Sonic Pi: Electric Hoedown Remix
Copyright 2019 Brian Davis - CC-BY-NC-SA
Sonic Pi is a live coding, electronic music generator. The language is Ruby and the tutorials are quite good for jumping in and having fun right away. I introduced it to my kids and we've had some fun times hacking on it together. The older ones were able to follow the tutorials. My six-year old was the youngest to have a go (quite eagerly) and she needed some help to get started, but enjoyed herself for quite a while with just the
sleep commands. I recommend headphones for everyone though. ;-)
The tutorials seem to focus on live coding. And I developed the below loops with
live_loops. But I wanted to be able to sequence things in time, to generate something that people would recognize as more of a song like structure. An intro, a verse, a chorus, another verse, etc. It took a bit of experimentation but below is the result. Listen here. Hmmmm, might need some post production. Sounds like it would benefit from normalization. By the way, I know almost nothing about music. This exercise is sort of like throwing stuff at the wall and seeing what sticks. That's what cool about Sonic Pi, it's so fun to experiment with!
To sequence things in a linear fashion I converted my
live_loops to separate threads using
sync:ed them to
cue: commands. Here is the final sequence that cues the threads.
cue :bassdrum sleep 2 cue :drumloop sleep 2 cue :bass2 sleep 4 cue :riff sleep 8 cue :bassdrum cue :drumloop cue :bass2 cue :riff sleep 8 cue :basswood cue :bassdrum cue :bass2 4.times do sleep 1 cue :basswood end cue :drumloop 4.times do sleep 1 cue :basswood end cue :bassdrum 4.times do sleep 1 cue :basswood end cue :riff cue :drumloop 4.times do sleep 1 cue :basswood end cue :bassdrum 4.times do sleep 1 cue :basswood end
To make this work you have to pay careful attention to the lengths of threads so that you know when they finish and need to be restarted. There is probably a more intuitive was to do this, but it works.
Here are the individual threads. I like having two drum loops that I can play against each and vary their respective timings. In live coding I normally do that by given them different lengths and adding a pause to one or the other. But with the technique I'm trying here the threads have very simple (and similar) timing and I use the main sequence code to offset them.
in_thread do loop do sync :bassdrum 16.times do sample :bd_haus, amp: 2 sleep 0.5 end sample :bass_woodsy_c end end in_thread do loop do sync :drumloop 16.times do sample :bd_tek sleep 0.25 sample :bd_zome sleep 0.25 end end end
Sonic Pi is loaded with cool samples. I spent a whole day just trying different ones. The developer tool has autocompletion, so you just type
sample : and look through the list. I use bass_woodsy_c sparingly to add some flavor.
in_thread do loop do sync :basswood #sleep 6 sample :bass_woodsy_c end end
One way to create melody lines is to let the computer do it. Set the random seed and shuffle a bunch of notes. In this case I'm pulling 6 notes from the c-major scale at octave two (I think?) and playing them through twice. Setting the random seed means I got the same six random notes every time. I tried different random seeds until I liked what I heard.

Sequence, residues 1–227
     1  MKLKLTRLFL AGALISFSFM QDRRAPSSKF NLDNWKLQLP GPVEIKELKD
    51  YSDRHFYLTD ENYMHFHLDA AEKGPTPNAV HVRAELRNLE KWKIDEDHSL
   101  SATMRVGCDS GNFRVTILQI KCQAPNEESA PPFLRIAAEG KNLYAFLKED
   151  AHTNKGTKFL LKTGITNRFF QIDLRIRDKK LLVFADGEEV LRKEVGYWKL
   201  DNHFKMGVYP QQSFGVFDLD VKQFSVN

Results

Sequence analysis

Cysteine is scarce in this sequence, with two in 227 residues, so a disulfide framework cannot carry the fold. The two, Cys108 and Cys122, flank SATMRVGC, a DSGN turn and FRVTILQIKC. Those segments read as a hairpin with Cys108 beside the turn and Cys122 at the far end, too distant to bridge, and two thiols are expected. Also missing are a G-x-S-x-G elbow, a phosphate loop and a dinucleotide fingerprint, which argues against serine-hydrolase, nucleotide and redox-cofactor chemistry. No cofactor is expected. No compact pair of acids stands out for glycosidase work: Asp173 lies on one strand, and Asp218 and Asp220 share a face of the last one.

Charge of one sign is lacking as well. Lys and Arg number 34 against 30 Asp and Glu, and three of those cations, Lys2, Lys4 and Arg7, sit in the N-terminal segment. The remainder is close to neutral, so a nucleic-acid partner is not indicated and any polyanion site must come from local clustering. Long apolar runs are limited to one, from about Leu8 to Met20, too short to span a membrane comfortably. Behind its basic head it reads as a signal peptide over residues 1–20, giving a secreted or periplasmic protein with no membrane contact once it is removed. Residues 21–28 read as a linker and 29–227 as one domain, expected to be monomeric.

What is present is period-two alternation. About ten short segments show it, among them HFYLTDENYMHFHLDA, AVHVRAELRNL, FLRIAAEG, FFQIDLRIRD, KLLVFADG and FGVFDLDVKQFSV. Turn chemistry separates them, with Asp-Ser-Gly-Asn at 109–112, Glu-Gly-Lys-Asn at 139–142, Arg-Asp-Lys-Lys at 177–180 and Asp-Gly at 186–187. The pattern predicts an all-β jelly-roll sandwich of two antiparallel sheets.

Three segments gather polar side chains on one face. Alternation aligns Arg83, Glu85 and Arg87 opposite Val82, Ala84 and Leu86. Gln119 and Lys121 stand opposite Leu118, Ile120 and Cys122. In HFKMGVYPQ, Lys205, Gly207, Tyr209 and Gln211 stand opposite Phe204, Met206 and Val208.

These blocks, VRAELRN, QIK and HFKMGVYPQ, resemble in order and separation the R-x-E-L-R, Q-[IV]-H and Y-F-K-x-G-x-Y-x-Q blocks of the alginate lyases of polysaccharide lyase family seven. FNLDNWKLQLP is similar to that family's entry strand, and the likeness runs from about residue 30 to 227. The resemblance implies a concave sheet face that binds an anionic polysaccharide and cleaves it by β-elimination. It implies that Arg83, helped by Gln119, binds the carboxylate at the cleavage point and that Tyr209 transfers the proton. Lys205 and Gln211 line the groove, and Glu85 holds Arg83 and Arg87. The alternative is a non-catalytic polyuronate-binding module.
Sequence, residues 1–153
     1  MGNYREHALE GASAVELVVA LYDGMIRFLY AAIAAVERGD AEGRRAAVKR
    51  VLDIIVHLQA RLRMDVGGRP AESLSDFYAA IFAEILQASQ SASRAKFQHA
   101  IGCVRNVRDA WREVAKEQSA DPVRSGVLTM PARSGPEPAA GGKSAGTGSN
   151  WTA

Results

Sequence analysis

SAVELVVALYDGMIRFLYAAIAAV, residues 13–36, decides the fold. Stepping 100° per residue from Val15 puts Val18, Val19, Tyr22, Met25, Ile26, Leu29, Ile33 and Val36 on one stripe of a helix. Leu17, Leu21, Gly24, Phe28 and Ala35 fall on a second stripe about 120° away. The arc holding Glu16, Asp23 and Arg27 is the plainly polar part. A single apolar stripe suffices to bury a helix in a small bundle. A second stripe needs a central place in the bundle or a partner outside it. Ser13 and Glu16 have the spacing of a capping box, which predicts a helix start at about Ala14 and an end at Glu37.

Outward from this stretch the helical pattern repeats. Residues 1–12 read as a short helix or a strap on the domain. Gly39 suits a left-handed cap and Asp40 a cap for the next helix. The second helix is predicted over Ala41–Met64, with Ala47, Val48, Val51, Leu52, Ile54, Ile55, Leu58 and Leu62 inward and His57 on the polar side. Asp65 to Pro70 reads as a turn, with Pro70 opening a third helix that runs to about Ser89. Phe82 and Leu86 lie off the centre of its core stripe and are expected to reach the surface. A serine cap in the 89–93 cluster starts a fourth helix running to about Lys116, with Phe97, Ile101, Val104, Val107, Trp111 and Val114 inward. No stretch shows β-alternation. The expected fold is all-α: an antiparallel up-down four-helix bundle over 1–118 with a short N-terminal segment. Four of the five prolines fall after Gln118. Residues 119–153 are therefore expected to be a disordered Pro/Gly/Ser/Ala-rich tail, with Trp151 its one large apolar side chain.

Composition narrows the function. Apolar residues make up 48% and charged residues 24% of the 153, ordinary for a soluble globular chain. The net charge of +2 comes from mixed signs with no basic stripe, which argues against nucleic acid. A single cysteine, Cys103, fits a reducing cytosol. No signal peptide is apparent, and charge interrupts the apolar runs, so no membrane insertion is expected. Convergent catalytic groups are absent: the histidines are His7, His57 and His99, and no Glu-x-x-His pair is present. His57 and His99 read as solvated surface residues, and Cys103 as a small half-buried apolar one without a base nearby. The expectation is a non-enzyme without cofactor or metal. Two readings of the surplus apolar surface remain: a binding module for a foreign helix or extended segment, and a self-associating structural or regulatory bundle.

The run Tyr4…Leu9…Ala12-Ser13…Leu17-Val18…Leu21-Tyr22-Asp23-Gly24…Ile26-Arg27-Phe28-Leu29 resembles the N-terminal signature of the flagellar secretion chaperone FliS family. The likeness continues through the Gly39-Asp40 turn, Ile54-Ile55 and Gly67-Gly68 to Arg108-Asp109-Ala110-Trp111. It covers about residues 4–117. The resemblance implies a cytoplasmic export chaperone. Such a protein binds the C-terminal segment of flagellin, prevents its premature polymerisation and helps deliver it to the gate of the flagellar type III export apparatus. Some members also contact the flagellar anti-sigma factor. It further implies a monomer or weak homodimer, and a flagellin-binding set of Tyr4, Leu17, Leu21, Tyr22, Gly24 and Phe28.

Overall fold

in_thread do loop do sync :bass2 use_synth :blade use_random_seed 444 notes = scale(:c2, :major).shuffle.take(6) with_fx :distortion do 12.times do play notes.tick, attack: 0.25, release: 1, amp: 0.1 sleep 1 end end end end
Here's another computer generated riff. It happened to use the same random seed as above. But it doesn't have to. I just noticed that I used slightly different syntax to create notes compared with above. Above I did
notes = scale([args]) while below its
notes = (scale [args]). Huh. This is my only exposure to Ruby. I suppose it must support more than one function call syntax?
in_thread do loop do sync :riff use_synth :tb303 8.times do use_random_seed 444 notes = (scale :a2, :minor_pentatonic, num_octaves: 2).shuffle.take(8) 8.times do play notes.tick, release: rand(0.5), amp: 0.2, cutoff: rrand(60, 130) if one_in(2) sleep 0.125 end end end end
The first riff has a total length of 12 seconds, the second is 8 seconds. This difference allows for some interesting interaction. If I start both riffs at the same time the 8 second will finish first. In my song sequence I play with this behavior to overlap the riffs in different ways for the two verses creating surprisinly different sounds.
When developing a song in Sonic Pi I will use the different buffers to work on the pieces individually and then slowly combine them together. I started with the above above drum loops in one buffer, the riff above in another buffer and the riff below in yet another buffer. Each piece goes in it's own
live_loop without the
sync command. Every time I hit play the buffer I'm looking at will play it's loop and I can work on modifying it without being distracted or confused by the other pieces. When I have all the pieces how I want, I combine them into a single buffer. This was the first piece where I converted from
live_loops that all play together to individual threads that are cued up by a sequencing program. I like how it creates a song with clear beginning and ending. I'm excited to try the same technique on some of my other compositions.